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EMDR Therapy

EMDR is an acronym for Eye Movement Desensitization and Reprocessing. It’s a powerful psychotherapy that facilitates healing from emotional distress that often stems from disturbing or traumatic life experiences. For this reason, it can be a valuable tool in treating trauma, working through traumatic memories, and improving mental health.

 

 

 

 

 

EMDR Therapy works by using eye movements to help the brain process and integrate traumatic memories. This form of eye movement desensitisation and reprocessing can help individuals overcome negative feelings and beliefs associated with past traumas and improve their overall mental health and well-being.

EMDR Therapy can help you overcome feelings of anxiety, depression, phobias, and most notably PTSD (Post Traumatic Stress Disorder) by addressing the root causes of these feelings and helping you to process and integrate traumatic memories.

 

What Does EMDR Involve?

EMDR therapy provides a safe space for the processing of troublesome emotional states. The therapy encourages the brief focus on the memory of a trauma, all the while experiencing the bilateral stimulation of their eyes (eye movement). It involves a range of phases, each of which has a specific function that relates to three time periods: the past, the present and the future.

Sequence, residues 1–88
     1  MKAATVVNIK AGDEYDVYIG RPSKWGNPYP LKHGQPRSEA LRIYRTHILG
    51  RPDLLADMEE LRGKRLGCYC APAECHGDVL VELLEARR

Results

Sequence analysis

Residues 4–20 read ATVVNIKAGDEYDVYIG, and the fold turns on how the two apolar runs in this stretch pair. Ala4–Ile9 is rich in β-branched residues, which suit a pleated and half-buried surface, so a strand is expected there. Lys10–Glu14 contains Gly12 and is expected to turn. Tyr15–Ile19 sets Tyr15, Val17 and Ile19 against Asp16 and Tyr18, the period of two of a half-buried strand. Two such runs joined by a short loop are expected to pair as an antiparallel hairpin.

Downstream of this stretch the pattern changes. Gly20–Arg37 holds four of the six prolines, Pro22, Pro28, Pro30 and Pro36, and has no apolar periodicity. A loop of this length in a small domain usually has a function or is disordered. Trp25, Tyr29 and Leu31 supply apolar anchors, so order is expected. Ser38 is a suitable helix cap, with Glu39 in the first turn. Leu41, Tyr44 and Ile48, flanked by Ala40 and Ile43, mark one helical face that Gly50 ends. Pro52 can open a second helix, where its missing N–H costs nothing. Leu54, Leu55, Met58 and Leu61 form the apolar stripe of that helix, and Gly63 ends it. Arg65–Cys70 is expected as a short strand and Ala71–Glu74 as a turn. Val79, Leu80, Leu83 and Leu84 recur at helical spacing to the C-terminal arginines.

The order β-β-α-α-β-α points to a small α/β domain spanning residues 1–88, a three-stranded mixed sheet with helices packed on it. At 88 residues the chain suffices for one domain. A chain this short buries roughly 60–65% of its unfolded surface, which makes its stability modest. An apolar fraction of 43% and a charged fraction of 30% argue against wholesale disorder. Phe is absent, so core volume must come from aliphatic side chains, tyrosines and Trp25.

In the first few sessions, a thorough history will be taken. This helps the therapist understand the basic needs and targets of the client, which gives space for the development of specific skill sets and behaviours to be developed from the outset. EMDR therapy often begins with tuning into childhood events at the beginning, which helps clients to begin gaining valuable insights into the patterns and symptoms they are experiencing.

Next, the therapist will help the clients develop an array of methods that they can use to handle emotional distress. From imagery to stress-reduction techniques and everything in between.

 

What Does Science Say About EMDR?

Repeated studies have shown that clients of EMDR can experience instances of healing that are traditionally only accessed through years of psychotherapy. Over 30 controlled studies have shown that 84% – 90% of single-trauma victims no longer have any symptoms of PTSD after three 90-minute sessions.

 

Using EMDR in Counselling

Trauma work is always guided by you, the client. You have complete control over the speed and direction of any work we do together. My first priority is to make sure you feel in control, and you feel safe.  We will work together using some talk therapy and some EMDR.

It was first introduced in the 1980s by psychologist Francine Shapiro. Shapiro developed the therapy, based on the idea that traumatic experiences can cause negative thoughts, feelings, and behaviours to become stuck in the brain, leading to long-term psychological issues.

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